Our increasing connectedness — the always-on smartphone, the ever-present social networks, the daily media deluge — is affecting our lives in ways we can’t even yet fathom.
So this week, as summer kicks off across the U.S., MediaShift is looking at how and why people are choosing to “unplug” from technology. And within that scope, we’ll be exploring how our constant connection is affecting us, our relationships, our work, our minds, and even our bodies.
And we’d love to hear from you. So if you have a story to share about how you unplug, get in touch.
Unplug 2012 Posts
> Hands-Free Parenting: How Much You Gain When You Unplug by Rachel Stafford
> Why We Need a Technology Sabbath, by Tanya Schevitz
> 5 Tips to Prevent Digital Burnout and Maintain Good Mental Health by Sandra Ordonez
Check out these previous MediaShift articles and other stories online about unplugging and taking Technology Sabbaths:
Why We Need to Teach Mindfulness in a Digital Age at MediaShift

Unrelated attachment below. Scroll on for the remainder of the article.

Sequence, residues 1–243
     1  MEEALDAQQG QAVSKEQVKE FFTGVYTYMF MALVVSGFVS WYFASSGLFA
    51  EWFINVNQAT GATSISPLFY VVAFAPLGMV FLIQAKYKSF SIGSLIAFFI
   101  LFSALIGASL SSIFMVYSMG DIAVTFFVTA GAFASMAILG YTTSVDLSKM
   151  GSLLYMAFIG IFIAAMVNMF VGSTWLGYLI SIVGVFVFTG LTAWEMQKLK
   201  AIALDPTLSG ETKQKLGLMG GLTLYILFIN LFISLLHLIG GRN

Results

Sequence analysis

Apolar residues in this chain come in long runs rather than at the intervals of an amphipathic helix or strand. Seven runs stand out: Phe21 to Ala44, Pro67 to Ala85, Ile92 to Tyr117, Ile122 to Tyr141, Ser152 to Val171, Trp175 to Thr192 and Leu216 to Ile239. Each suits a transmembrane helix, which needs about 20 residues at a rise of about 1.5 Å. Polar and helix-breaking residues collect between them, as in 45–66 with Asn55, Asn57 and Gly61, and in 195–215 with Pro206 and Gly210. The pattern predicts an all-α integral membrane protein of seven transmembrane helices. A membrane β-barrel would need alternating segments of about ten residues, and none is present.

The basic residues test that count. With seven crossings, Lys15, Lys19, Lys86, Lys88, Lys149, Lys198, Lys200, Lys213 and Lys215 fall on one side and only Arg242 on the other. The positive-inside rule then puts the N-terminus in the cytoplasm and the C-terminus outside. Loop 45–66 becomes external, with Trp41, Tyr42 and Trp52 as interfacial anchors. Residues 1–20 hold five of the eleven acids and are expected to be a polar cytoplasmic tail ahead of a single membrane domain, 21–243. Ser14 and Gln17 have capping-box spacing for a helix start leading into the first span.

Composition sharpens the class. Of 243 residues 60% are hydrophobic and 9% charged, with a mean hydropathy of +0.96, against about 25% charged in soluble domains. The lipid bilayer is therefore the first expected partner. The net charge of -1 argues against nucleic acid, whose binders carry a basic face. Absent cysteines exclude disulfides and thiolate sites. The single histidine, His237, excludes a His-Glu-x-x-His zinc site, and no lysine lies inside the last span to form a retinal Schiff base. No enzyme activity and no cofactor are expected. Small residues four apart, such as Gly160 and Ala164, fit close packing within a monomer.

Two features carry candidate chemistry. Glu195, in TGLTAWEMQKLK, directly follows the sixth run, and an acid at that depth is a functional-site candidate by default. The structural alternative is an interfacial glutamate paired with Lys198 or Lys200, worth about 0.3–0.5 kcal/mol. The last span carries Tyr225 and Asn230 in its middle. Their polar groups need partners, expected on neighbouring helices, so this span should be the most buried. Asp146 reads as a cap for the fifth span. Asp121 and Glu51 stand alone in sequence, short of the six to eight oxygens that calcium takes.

5Across: How to Deal with Technology Overload at MediaShift
Technology Sabbath Offers One Day to Unplug at MediaShift
Your Take Roundup: We Need to Learn How to Unplug at MediaShift
A Moment of Unplugged Zen Poolside at MediaShift
A Tech Sabbath offers a chance to unplug, recharge at the Oregonian
I Need a Virtual Break. No Really at the NY Times
We Don’t Need a Digital Sabbath, We Need More Time at The Atlantic
SPU students take a break from technology at Seattle Times
Remember the Sabbath? at the Guardian
Managing editor Courtney Lowery Cowgill is a writer, editor and farmer based in central Montana, where the Rocky Mountain Front collides with the high plains. She is the co-founder and former editor in chief of the now closed online magazine NewWest.Net. She also co-created and ran the Rural News Network, a J-Lab New Voices project at the University of Montana’s School of Journalism, which helped small towns revive or create their own online newspapers. When she’s not writing or editing, she’s helping her husband wrangle 150 heritage turkeys, 15 acres of food, overgrown weeds or their new daughter. She blogs about life on the farm, and other things, at www.lifecultivated.com.